The Eleanor Roosevelt Papers, Digital Edition > My Day
APRIL 1, 1942
[Original version of the column. Text in red are tagged with <sic> (needs correction); text in purple are tagged with <orig> (needs regularization); and text in blue are tagged names of persons or organizations. View emended version]
WASHINGTON, Tuesday—I returned to Washington yesterday afternoon in time for dinner and was very happy to find a number of friends staying in the house. I was able to reach a friend of my daughter-in-law's, Mr. John W. Herbert, who happens to be here from Fort Worth, Texas, so he also joined us. After a pleasant, chatty meal, we saw the last movie in which Carole Lombard played, called: "To Be Or Not To Be." It was an exciting spy story. I only wish that in reality things could be done as smoothly and as easily as they are in the movies!
It was curious on the flight down to see more and more snow as we approached Washington. Even today, with a cloudless sky overhead, there still are patches of snow along the sidewalks and over our White House lawns. I only hope the little spring flowers coming up, were not hurt. The storm seems to have brought down a number of branches from our trees, but no great damage is done, so it can not have been as severe as some of the pictures I saw in the papers made me think.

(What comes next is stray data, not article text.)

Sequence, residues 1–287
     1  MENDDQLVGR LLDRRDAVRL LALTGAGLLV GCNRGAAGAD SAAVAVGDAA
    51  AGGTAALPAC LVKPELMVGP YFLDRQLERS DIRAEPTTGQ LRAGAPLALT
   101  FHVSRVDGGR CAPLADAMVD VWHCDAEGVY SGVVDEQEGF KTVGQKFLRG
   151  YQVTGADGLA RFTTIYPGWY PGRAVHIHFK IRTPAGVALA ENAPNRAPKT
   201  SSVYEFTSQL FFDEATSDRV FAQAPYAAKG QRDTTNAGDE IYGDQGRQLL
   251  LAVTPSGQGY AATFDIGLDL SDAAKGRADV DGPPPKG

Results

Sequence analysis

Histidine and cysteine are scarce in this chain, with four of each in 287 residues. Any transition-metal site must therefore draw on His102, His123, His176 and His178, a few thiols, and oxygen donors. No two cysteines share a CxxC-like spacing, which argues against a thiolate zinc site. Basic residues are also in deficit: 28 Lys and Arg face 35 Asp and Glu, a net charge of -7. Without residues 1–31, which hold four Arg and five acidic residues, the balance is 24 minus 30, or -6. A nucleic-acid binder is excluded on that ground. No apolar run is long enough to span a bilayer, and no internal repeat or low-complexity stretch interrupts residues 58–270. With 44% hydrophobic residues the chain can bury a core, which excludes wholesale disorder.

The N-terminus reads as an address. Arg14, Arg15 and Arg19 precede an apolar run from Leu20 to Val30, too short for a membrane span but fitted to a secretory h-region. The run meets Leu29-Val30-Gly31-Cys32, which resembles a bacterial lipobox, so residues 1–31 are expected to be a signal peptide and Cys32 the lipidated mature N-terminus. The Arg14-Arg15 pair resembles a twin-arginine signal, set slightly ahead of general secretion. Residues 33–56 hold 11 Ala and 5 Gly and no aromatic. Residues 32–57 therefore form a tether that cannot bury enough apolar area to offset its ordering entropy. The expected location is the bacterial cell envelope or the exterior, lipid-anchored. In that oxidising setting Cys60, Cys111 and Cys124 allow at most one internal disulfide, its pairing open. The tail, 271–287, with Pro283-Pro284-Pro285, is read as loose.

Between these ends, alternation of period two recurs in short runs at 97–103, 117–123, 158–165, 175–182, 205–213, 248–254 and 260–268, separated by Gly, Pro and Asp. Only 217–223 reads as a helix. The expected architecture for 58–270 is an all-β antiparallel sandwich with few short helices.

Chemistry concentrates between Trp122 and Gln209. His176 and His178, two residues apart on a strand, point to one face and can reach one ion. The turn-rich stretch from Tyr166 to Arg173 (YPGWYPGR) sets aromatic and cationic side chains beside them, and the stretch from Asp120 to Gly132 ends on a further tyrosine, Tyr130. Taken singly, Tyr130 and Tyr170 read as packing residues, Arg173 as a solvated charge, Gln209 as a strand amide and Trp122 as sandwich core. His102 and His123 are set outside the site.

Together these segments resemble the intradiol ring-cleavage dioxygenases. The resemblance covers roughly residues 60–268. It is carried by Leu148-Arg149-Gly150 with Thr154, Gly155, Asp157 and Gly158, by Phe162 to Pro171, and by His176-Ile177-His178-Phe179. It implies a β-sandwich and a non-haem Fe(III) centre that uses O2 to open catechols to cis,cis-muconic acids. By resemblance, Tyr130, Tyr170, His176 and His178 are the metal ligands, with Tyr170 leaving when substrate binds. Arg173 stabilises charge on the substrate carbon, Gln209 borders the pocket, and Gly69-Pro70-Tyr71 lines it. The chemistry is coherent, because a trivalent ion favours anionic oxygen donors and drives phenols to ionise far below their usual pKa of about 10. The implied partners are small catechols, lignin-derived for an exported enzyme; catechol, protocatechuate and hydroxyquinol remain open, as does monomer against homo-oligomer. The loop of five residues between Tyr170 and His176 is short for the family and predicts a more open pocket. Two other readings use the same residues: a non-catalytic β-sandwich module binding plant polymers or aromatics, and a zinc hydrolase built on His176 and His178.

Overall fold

Our magnolias are out and I see some forsythia actually in bloom, as well as buds on many trees and shrubs.
I am tremendously interested in the modern embroidery brought to me by Mr. and Mrs. Owen Lattimore. They have now sent me the letter which accompanied this embroidery, which is a gift from Madame Chiang Kai-Shek. The letter is so full of confidence and hope for the future that I want to share it with you and, therefore, quote it here.
"Headquarters of the Generalissimo of China Chung King, Szechuan 12 January, 1942
"Dear Mrs. Roosevelt,
These eight immortals gladly stepped out of their frame on a Chung King wall to fly to you. I hope you will bid them welcome and find a place for them in your home. They wish to assure you, as they have assured me many times during these years of bloodshed and suffering, that the world of war and woe is but a passing thing, however necessary it may be, for over the edge of the horizon lies a path leading to universal harmony and world brotherhood.
With all good wishes, Yours sincerely Mayling Soong Chiang (Madame Chiang Kai-Shek)"
(COPYRIGHT, 1942, BY UNITED FEATURE SYNDICATE, INC.)
Names and Terms Mentioned or Referenced
- [ index ] Washington (D.C., United States)
About this document
My Day by Eleanor Roosevelt, April 1, 1942
Digital edition created by The Eleanor Roosevelt Papers Project The George Washington University 312 Academic Building 2100 Foxhall Road, NW Washington, DC 20007
- Brick, Christopher (Editor)
- Regenhardt, Christy (Associate Editor)
- Black, Allida M. (Editor)
- Binker, Mary Jo (Associate Editor)
- Alhambra, Christopher C. (Electronic Text Editor)
Digital edition published 2008, 2017 by
The Eleanor Roosevelt Papers Project
Available under licence from the Estate of Anna Eleanor Roosevelt.
Published with permission from the Estate of Anna Eleanor Roosevelt.
MEP edition publlished on June 30, 2008.
TEI-P5 edition published on April 28, 2017.
XML master last modified on: June 9, 2017.
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Transcription created from a photocopy of a UFS wire copy of a My Day column instance
archived at the Franklin D. Roosevelt Library.
TMs, AERP, FDRL